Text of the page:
Don't be fooled by its name: The terror group "Islamic State of Iraq and Syria" plans to attack well beyond the borders of those two countries. After snatching an Iraq-Jordan checkpoint, Amman is on high alert.
The Jordan-Iraq border crossing is a solitary post, located in the endless yellow-brown desert between Jordan's capital, Amman, and Baghdad, Iraq.
The Iraqi customs officials there are supposed to monitor entry and exit to the country. But the Iraqi-Jordan border crossing has nothing more to report to Iraq's central government: Members of a Sunni militia allied with the terror group Islamic State of Iraq and Syria (ISIS) are now in control.
While the overrun border outpost is just another piece in the ISIS Iraq puzzle, it is raising alarm in Amman. Jordan's interior minister announced that his country is now "surrounded by extremists." Troops stationed on Iraq's border have been placed on high alert. According to domestic military sources, the kingdom has mobilized dozens of units along the border.
Washington is concerned as well. President Obama warned that the jihadist march could spread to Jordan from Iraq. US Secretary of State John Kerry considers ISIS "a threat to the whole region."
Increased security measures
André Bank, a Middle East expert at the Hamburg-based German Institute of Global and Area Studies (GIGA), says the group's goal is to establish in Islamic state in Iraq as well as "Greater Syria."
"That means not only Syria, parts of Iraq, Lebanon and large parts of [historical] Palestine, but also large areas of Jordan," he told DW.
That territorial claim can be seen in an ISIS propaganda video released last week on the Internet. In it, five fighters, apparently from the UK and Australia, speak to the camera.
"We don't recognize borders," one of the men says, adding that he and his comrades had fought in Syria, would soon enter Iraq and would then enter Jordan and Lebanon - "wherever our leader sends us."
It's likely straight propaganda. André Bank considers it somewhat unrealistic for ISIS fighters to penetrate Jordan. Where in Iraq they've encountered a demoralized army giving up large swathes of territory without so much as a fight, Jordan's military would engage.
"Jordan's security apparatus is one of the strongest in the region. Border facilities will be strongly protected," he said.
What ISIS might do is destabilize Jordan through terror attacks. It wouldn't be the first time the country found itself targeted by terrorists. In 2005, more than 50 people died in separate terror attacks on luxury hotels. The precursor to ISIS, Al Qaeda in Iraq, claimed responsibility. At that time the group was led by a Jordanian, Abu Musab al-Zarqawi, who was killed one year later in a targeted US air strike just 50 kilometers (31 miles) north of Baghdad.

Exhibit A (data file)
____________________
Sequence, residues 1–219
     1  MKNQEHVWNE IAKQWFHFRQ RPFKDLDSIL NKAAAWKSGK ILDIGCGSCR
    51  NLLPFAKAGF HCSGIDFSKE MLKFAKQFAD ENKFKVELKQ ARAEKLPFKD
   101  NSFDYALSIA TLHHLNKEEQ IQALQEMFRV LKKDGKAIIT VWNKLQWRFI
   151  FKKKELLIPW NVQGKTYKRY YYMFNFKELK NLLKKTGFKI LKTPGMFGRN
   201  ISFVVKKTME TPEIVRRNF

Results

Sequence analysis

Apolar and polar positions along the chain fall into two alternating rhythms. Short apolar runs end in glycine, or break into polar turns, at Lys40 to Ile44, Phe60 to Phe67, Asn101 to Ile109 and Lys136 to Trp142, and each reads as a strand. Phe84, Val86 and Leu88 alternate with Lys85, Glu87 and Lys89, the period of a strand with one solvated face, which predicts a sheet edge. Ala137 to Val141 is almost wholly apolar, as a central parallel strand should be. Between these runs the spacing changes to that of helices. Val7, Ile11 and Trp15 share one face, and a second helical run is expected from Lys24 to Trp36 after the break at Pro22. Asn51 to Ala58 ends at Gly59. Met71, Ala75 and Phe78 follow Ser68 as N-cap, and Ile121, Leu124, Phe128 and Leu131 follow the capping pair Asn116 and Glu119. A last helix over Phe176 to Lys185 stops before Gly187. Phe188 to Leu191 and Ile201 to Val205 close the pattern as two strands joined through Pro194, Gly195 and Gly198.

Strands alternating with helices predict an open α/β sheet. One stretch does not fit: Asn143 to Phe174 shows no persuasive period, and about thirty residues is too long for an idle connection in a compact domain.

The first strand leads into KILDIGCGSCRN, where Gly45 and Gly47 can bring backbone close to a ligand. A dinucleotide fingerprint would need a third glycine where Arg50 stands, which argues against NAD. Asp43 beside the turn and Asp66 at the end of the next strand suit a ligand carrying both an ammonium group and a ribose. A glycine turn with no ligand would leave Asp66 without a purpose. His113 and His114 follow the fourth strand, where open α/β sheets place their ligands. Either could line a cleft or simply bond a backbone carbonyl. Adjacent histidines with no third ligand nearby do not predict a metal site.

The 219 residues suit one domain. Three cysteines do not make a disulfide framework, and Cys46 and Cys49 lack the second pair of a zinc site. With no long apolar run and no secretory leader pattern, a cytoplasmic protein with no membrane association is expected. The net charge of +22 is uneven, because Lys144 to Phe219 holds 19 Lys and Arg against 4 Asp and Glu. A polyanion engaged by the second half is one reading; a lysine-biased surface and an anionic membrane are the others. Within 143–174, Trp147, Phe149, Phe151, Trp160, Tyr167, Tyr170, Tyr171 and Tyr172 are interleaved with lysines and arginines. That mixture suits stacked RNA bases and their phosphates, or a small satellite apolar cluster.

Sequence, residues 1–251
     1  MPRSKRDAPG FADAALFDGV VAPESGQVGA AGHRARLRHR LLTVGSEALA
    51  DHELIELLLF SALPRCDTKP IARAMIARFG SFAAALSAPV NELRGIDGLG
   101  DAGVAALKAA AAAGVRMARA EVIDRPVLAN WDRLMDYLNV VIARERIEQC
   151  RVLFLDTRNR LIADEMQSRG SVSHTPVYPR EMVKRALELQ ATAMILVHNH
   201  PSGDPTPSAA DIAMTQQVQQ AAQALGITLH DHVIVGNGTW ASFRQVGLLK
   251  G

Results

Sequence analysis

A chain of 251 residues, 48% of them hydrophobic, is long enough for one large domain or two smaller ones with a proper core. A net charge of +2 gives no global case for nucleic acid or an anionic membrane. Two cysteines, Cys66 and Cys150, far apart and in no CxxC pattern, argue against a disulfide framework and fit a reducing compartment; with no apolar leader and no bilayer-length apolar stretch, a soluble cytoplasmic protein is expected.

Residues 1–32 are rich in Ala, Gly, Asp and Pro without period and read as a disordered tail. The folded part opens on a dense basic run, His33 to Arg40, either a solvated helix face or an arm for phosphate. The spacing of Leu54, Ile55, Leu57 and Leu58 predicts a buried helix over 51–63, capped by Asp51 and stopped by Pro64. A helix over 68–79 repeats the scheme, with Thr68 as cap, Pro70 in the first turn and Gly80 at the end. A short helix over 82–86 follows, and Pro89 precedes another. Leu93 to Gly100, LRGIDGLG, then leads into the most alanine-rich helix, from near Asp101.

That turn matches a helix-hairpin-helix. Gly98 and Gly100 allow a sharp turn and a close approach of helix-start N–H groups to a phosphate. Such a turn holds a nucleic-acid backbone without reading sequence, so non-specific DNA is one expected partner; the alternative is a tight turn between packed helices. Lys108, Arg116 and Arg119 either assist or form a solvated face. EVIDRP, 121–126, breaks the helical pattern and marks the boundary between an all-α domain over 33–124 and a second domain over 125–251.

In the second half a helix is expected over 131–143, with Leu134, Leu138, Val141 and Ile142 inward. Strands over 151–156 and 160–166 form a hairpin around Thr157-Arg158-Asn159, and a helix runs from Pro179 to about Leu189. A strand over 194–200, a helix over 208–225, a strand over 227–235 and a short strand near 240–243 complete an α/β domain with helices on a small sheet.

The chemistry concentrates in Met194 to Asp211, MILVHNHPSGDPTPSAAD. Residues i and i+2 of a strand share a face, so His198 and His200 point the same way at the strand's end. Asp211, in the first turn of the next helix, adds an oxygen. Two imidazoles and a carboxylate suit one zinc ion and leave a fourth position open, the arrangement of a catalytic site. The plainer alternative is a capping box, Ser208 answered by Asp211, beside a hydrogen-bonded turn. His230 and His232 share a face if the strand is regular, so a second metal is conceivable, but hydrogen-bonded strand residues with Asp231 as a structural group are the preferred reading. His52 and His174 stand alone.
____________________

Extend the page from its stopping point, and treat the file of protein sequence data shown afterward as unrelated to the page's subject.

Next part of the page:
Ramzy Mardini is an Amman-based security expert with the nonpartisan US think tank Atlantic Council. He believes the radical ISIS group might have already established a terror cell within Jordan. The country is home to a growing number of jihadists, he says, a fact shown Friday (20.06.2014) when 200 ISIS supporters took to the streets in the southern Jordan city of Maan and openly declared it the "Fallujah of Jordan" - a reference to the Iraqi stronghold of radical Sunni Islam.
But, according to Jordan's former foreign minister, Marwan Muasher, a "large majority of the population" in Jordan is against the extremist ISIS.
Muasher, the current vice president at the Carnegie Endowment research institute, added that "the danger ISIS presents to Jordan is not comparable to the danger the organization represents for Syria or Iraq."
ISIS is a security threat, he says - not an "existential danger."
Reforming a stable Jordan
Jordan's head of state, King Abdullah II, is still in the drivers seat, says André Bank - partly due to support from Western states, from Israel but also from Gulf monarchies.
Still, the country faces big problems. Refugees from Syria number in the hundreds of thousands. Its economy is sputtering, causing increased unemployment.
As Berlin welcomes Jordan's king on Tuesday, where he will meet with German Chancellor Angela Merkel, Bank sees a need for at two-pronged approach: Jordan's refugee burden must be better supported; any long-term help delivered by Germany, he says, should come with preconditions for reform.
That's because extremism will continue to take root in Jordan, the Middle East expert says, unless the increasingly authoritarian country further opens itself politically and adopts an economic policy that's more socially balanced.